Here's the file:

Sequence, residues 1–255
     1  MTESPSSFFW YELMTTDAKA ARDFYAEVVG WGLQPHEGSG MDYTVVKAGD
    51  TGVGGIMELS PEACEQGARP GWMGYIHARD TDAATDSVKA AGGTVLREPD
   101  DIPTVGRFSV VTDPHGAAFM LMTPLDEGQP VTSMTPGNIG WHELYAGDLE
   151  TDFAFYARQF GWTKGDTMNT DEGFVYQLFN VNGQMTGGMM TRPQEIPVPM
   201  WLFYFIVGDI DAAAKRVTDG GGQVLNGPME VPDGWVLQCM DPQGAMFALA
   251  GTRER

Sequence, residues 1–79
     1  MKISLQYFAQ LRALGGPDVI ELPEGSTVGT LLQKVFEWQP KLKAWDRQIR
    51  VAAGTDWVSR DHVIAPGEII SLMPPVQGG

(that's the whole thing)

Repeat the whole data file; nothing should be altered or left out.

Sequence, residues 1–255
     1  MTESPSSFFW YELMTTDAKA ARDFYAEVVG WGLQPHEGSG MDYTVVKAGD
    51  TGVGGIMELS PEACEQGARP GWMGYIHARD TDAATDSVKA AGGTVLREPD
   101  DIPTVGRFSV VTDPHGAAFM LMTPLDEGQP VTSMTPGNIG WHELYAGDLE
   151  TDFAFYARQF GWTKGDTMNT DEGFVYQLFN VNGQMTGGMM TRPQEIPVPM
   201  WLFYFIVGDI DAAAKRVTDG GGQVLNGPME VPDGWVLQCM DPQGAMFALA
   251  GTRER

Sequence, residues 1–79
     1  MKISLQYFAQ LRALGGPDVI ELPEGSTVGT LLQKVFEWQP KLKAWDRQIR
    51  VAAGTDWVSR DHVIAPGEII SLMPPVQGG